Just about any time a mother talks about a developmental milestone in her child, other mothers compare notes.
It’s important that when we talk about young children, we recognize that there is an enormous variety of abilities in children, even when they have intelligent, devoted, and mature Christian parents. Just because my four year old is far from understanding salvation doesn’t necessarily mean I’m shirking my duty, or that the parent of a saved four year old is rushing her child to a decision. If my child can sing entire hymns from memory at a young age, it doesn’t mean that the next mother must also have a child with the same ability, if she did her job properly. These differences cannot all be explained by high expectations and a challenging environment. Children are different. And even though I know this well, have seen it in my own children, I still do what I know is wrong. I compare and despair.
Long ago, I thought all of my children would be extremely verbal from an early age. I love words and communication. I can talk nonstop. Wouldn’t it make sense that all the verbal stimulation I provide would produce children who are exceptional communicators? In fact, although they’re competent communicators, they are still very much at age level in their abilities.Â Take for example, Scripture memory. I’m certain there are two and four year olds who have memorized long portions of Scripture word for word, without help. But neither of our older children are there yet. In May, our church memorized Psalm 1. Well, we started working on it each night after devotions, and our kids still haven’t totally gotten it. They’ve actually done great; they can each say it with about one or two helps per verse (usually to keep them from going off track). Sometimes they do better when they’re not distracted or trying to speed up the devotions time. But they’re not making any more progress so we decided tonight that we were going to move on.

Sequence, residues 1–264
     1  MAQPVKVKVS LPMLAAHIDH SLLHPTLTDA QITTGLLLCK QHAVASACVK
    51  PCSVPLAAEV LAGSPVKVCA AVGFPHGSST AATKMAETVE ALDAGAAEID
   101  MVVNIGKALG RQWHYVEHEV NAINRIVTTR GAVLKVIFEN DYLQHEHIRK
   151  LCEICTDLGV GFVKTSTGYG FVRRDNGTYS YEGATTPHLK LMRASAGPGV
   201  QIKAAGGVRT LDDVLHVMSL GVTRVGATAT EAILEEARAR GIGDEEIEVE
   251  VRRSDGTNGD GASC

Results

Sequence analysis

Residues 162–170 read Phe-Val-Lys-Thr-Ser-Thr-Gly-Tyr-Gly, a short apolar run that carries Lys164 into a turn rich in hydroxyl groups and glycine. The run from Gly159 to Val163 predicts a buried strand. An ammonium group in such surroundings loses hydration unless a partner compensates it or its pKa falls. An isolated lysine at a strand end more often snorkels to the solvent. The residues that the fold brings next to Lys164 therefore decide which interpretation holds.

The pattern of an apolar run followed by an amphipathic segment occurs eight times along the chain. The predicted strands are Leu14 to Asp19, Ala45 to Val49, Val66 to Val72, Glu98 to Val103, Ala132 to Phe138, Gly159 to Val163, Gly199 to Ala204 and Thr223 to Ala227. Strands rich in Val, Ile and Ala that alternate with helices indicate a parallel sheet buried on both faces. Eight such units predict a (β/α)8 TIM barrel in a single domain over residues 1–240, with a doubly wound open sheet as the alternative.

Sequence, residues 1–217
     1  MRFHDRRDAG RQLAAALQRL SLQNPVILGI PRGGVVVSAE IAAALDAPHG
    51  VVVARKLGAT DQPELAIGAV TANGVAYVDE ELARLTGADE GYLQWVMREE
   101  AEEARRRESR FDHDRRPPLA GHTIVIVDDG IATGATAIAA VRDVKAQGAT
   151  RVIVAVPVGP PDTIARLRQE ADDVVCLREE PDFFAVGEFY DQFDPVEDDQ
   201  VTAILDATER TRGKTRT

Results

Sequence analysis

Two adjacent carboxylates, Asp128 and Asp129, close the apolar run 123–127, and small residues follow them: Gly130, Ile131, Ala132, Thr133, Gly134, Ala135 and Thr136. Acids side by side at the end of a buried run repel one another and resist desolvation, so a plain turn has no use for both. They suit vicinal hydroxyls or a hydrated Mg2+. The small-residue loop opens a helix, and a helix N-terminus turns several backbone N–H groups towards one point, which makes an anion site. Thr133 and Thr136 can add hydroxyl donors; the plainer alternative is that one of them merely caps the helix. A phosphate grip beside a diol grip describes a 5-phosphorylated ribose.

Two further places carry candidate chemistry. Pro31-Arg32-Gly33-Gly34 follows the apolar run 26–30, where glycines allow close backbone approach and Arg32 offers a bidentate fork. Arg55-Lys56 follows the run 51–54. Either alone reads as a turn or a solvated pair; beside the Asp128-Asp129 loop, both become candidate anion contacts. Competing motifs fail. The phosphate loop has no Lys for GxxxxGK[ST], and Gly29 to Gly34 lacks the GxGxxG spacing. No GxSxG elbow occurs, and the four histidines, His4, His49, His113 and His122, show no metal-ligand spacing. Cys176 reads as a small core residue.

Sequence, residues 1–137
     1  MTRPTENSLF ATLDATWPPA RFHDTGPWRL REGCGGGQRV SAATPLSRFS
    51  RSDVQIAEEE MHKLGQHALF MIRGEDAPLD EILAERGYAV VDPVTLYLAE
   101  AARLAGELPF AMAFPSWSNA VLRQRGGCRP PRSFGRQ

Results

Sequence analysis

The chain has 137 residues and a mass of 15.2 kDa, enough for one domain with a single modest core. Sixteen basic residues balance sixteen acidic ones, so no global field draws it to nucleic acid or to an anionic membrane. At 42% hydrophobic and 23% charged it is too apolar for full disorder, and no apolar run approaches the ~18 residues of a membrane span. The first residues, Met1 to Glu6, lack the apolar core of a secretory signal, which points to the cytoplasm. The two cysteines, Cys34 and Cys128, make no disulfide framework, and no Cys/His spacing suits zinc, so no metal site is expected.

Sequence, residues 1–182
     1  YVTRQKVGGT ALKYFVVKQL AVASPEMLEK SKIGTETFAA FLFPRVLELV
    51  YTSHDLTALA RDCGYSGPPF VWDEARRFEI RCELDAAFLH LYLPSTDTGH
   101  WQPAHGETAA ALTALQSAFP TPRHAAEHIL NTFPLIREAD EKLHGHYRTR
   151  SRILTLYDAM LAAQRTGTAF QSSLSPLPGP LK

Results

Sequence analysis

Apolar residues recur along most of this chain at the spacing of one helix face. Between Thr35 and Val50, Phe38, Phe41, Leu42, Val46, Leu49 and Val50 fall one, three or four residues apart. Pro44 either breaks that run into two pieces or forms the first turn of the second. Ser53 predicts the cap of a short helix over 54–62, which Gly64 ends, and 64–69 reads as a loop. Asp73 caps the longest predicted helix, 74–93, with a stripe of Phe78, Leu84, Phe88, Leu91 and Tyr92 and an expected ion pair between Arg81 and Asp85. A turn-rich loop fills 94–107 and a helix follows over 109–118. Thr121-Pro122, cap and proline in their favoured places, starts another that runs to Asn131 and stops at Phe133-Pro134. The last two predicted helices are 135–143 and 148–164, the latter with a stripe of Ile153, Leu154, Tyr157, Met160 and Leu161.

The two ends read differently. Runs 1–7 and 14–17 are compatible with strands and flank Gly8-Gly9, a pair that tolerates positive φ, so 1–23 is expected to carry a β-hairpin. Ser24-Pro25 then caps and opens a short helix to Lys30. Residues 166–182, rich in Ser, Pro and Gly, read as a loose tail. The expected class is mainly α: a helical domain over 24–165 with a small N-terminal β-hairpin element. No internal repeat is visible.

Yes, it’s possible our memorization teaching technique is faulty. Maybe we’ll start a new passage and try some new methods. But it’s also likely that they’re doing just as they should be. In the meantime, we (me, really) must guard against imposing our own children’s abilities on others, or imposing other children’s abilities on ours. Learn from each other? Yes. Measuring our competence against other mothers, or against other children’s accomplishments is not wise.
I Corinthians 10:12 For we dare not make ourselves of the number, or compare ourselves with some that commend themselves: but they measuring themselves by themselves, and comparing themselves among themselves, are not wise.